College of Science & Engineering

Science, Mathematics, and Technology Education

Discovery Research K-12 Model Of Research-based Education for Teachers (MORE)

In September 2011, the National Science Foundation funded a $3 million, five-year study at WWU, called Model of Research-based Education (MORE) for Teachers.  The purpose of the study was to examine how WWU prepares elementary teachers to teach science.  NSF’s DRK-12 program funds research projects around the country to “study the development, testing, deployment, effectiveness, and/or scale-up of innovative resources, models and tools”.  WWU’s innovative model to prepare elementary teachers to teach science includes course-work grounded in current research in education and cognitive psychology about how people learn, as well as a year-long internship.     

MORE’s research helped WWU better understand the impacts of its elementary science teacher preparation program on important beliefs, knowledge, skills, and instructional practices. MORE’s research included four studies that isolated different components of the elementary science education program at WWU, and represented the continuum for preservice teachers, from their initial science content courses through their first few years of teaching.  The four overlapping studies examined the following:

1) Impacts of the new science content sequence for elementary PSTs,
2) Effects of mentorship during the science practicum,
3) Impacts of the research-based science methods and practicum sequence, and
4) Science instruction of recent graduates from WWU’s elementary education program.

For more information explore the following documents or contact:

MORE-NSF Outcomes Report Jan 2019.pdf

MORE article.pdf

Mathew Miller, Co-Principal Investigator, email:
Dan Hanley, Co-Principal Investigator and Project Director, email:

Every Day Every Child (EDEC)

Every Day, Every Child: A Partnership for Research with Elementary Math and Science Instructional Specialists is an exploratory research project to understand and categorize instructional specialist models in mathematics and science; investigate the content knowledge, preparation and needs of teachers in these roles; determine the instructional effectiveness of instructional specialists; and determine the impact of instructional specialists on student learning and attitudes towards mathematics and science. This research will contribute to the knowledge base by providing a characterization of models of instructional specialization in mathematics and science at the elementary level. By investigating models of implementation, factors that influence implementation, preparation of teachers as instructional specialists, and their effectiveness at the classroom level, the results of this study will identify conditions under which the adoption of a specialist model is effective, which will be shared with educators across the country, both in higher-education and at the elementary level.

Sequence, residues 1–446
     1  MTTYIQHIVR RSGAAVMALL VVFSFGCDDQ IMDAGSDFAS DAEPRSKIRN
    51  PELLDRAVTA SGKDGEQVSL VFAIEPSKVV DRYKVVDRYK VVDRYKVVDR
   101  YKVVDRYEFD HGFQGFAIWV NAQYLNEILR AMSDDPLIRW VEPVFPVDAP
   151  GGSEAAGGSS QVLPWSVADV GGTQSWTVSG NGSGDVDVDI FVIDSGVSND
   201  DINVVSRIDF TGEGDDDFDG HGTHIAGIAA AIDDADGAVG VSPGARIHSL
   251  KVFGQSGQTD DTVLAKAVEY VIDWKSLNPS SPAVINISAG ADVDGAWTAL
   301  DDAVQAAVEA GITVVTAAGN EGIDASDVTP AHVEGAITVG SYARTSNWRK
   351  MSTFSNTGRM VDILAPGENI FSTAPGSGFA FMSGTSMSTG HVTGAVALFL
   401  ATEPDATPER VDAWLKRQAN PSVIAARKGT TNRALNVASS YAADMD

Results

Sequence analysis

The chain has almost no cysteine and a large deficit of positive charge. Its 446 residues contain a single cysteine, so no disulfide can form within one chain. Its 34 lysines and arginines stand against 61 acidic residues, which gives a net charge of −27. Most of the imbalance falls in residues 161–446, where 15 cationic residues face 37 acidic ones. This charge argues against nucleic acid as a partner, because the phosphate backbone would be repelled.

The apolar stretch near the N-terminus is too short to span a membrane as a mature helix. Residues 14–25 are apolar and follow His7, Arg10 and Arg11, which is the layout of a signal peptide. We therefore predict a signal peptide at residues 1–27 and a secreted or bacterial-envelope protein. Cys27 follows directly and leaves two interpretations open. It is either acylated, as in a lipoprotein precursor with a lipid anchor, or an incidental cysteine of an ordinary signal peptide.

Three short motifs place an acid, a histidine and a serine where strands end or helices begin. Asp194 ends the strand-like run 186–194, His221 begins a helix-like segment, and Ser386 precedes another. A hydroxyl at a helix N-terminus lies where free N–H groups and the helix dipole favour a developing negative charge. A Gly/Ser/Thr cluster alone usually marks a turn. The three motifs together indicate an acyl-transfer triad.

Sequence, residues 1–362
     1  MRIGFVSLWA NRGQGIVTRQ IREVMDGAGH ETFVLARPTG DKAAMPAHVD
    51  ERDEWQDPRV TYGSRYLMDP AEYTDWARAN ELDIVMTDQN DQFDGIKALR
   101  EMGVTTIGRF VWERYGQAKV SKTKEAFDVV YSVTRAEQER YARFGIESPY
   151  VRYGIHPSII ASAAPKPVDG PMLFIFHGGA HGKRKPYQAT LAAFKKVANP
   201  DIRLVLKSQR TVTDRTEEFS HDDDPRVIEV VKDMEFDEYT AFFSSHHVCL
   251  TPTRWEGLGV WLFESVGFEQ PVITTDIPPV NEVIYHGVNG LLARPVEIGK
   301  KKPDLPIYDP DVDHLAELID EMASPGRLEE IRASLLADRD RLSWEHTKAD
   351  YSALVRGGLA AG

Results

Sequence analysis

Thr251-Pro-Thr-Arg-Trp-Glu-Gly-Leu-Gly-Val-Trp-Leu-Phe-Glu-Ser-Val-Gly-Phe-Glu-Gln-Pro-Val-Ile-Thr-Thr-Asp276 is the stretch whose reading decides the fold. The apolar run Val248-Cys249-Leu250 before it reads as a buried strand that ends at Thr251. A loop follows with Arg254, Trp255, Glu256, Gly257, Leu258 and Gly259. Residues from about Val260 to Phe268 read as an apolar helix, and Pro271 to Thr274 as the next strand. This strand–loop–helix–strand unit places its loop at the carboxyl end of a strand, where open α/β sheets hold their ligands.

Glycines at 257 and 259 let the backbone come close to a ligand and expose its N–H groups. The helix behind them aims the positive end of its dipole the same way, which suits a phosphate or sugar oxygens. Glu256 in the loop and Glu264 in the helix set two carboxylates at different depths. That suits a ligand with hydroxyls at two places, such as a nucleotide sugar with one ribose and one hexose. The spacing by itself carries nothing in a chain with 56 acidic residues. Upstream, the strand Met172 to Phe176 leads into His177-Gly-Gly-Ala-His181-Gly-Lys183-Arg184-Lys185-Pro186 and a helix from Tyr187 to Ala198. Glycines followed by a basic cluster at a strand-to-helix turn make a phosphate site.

For more information visit the project website or contact:

Kim Markworth, Principal Investigator, email:
Chris Ohana, Co-Principal Investigator, email:

Washington Science, Technology, Engineering and Mathematics (WA-STEM)

For more information contact:

Dan Hanley, Principal Investigator, email:

School-wide Elementary Improvement in Science and Mathematics Instruction through Collaboration (SEISMIC)

Western Washington University in partnership with Concrete, Bellingham and Sedro Woolley school districts focus on working with a whole school concept to bring school-wide systemic change in improving math and science instruction. The professional development targets rigorous content within math and science, and the authentic integration of math and science based on the CCSSM and Washington State K–12 Science Learning Standards and NGSS Framework. Professional development also helps teachers design formative assessments aligned to the math and science content. Professional Learning Communities meet monthly to share action plans, provide peer feedback and a provide collaboration among teachers. Saturday workshops are attended by both teachers and principals to analyze student work and student understanding. Principals are invited to participate in Principal leadership workshops provided by another MSP funded grant (TWSSP). Seventy-five K-5 teachers will participate in the 3 year project.

SEISMIC Website containing slide presentations and documents

For more information contact:

Kim Markworth, Principal Investigator, email:
Shannon Warren, Project Director, email:

The Whole School Success Partnership (TWSSP)

The Whole School Success Partnership is focused on improving student achievement in five schools in three districts through changing instructional, leadership, and collaborative practices. Western Washington University faculty are partnering with schools to achieve two overarching goals:

1) improve teachers' subject-matter knowledge in the academic subjects that the teachers teach (mathematics, science, and/ or English Language Arts).

2) improve principal and assistant principal's subject matter content and instructional leadership skills specific to mathematics, science, and English Language Arts.

For more information contact:

Emily Borda, Principal Investigator, email:
Shannon Warren, Project Director, email:

North Cascades and Olympic Science Partnership (NCOSP)

Click Here for more information